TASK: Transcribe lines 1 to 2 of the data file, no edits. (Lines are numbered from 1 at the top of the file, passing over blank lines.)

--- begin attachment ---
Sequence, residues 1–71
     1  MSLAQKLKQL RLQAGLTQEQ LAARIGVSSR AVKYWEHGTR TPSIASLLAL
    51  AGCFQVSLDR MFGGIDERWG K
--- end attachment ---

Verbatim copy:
Sequence, residues 1–71
     1  MSLAQKLKQL RLQAGLTQEQ LAARIGVSSR AVKYWEHGTR TPSIASLLAL